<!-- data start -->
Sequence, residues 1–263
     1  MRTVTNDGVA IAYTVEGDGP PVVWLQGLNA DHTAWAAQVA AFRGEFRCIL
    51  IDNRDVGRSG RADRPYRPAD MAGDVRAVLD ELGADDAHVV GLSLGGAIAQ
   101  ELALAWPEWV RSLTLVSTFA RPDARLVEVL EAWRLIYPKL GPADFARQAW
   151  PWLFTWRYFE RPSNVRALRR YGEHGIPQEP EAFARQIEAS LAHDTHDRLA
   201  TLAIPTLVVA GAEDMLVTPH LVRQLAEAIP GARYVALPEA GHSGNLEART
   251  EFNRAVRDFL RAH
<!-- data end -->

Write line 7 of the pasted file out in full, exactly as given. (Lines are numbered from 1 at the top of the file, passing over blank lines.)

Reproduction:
   251  EFNRAVRDFL RAH